SSL Offloading

SSL offloading eases a Web server of the processing burden of encrypting and/or decrypting traffic sent by means of SSL, the security protocol that is executed in every Web browser. Web clients today are considerably more ready about web security than only a couple of years prior; secured movement, trade by means of scrambled http activity is turning into the standard now for sites and applications.

Encrypting and decrypting network traffic are a very CPU-intensive task for servers. The initial session setup in particular, demands the most of a CPU. The general purpose CPUs of server hardware will take a significant hit when a website migrates towards 2048-bit or higher SSL keys.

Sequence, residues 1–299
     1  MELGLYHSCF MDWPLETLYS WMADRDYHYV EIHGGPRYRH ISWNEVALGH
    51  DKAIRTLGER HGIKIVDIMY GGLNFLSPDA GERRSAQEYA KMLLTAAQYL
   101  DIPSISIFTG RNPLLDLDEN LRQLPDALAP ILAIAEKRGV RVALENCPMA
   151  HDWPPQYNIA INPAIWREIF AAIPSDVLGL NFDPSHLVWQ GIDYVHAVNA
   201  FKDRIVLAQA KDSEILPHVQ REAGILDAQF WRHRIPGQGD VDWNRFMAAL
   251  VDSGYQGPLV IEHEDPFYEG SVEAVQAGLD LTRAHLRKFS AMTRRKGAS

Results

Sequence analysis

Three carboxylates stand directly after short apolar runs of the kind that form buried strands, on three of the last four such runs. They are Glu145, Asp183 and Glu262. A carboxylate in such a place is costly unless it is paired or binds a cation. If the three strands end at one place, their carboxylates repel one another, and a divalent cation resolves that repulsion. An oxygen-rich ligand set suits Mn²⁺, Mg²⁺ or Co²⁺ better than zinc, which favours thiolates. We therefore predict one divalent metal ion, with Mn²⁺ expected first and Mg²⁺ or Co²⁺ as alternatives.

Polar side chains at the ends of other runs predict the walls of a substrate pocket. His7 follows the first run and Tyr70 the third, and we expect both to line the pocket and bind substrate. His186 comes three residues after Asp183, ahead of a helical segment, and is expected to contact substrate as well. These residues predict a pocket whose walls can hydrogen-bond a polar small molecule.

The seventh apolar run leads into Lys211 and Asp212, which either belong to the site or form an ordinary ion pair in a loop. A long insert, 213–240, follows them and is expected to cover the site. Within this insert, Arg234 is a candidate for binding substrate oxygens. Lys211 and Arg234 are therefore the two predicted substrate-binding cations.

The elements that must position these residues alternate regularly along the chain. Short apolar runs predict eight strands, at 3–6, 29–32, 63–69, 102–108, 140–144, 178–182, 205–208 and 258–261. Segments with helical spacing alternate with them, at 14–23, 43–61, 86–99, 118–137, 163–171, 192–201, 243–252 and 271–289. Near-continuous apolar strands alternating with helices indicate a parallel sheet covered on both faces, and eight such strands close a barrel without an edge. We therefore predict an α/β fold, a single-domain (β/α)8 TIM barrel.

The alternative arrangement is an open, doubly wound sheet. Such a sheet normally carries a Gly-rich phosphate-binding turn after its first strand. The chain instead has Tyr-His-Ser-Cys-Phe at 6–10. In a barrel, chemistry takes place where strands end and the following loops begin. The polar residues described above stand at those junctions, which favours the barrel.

When upgrading from 1024-bit to 2048-bit keys, the CPU usage typically increases 4–7 times. For 4096-bit keys, server CPUs are bound to reach their limits at typical volumes. The industry is quickly upgrading to 2048-bit keys; the minimum key length changed from 1024 to 2048-bit. Certificate Authorities (CAs) no longer provide certificates with key lengths smaller than 2048-bit.

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SSL offloading eases a Web server of the processing burden of encrypting and/or decrypting traffic sent by means of SSL. SSL offloading takes all the handling of SSL encryption and decoding of the primary Web server and moves it to a separate device designed specifically for the task. This permits the execution of the principle Web server to increase and it handles the SSL certificate proficiently.

SSL offloading increases the effectiveness of the security offered by the certificates because the designated device can devote more processing time to warding off attacks. It increases the Website and application speed and prevents companies from needing to add more Web servers to keep up with the demands of a frequently used SSL certificate.

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